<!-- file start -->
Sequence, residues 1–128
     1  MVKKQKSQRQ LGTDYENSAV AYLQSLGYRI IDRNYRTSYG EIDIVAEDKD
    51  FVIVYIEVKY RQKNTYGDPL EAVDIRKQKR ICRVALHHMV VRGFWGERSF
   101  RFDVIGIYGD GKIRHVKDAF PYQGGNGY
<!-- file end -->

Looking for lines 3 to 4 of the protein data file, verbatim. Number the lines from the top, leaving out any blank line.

    51  FVIVYIEVKY RQKNTYGDPL EAVDIRKQKR ICRVALHHMV VRGFWGERSF
   101  RFDVIGIYGD GKIRHVKDAF PYQGGNGY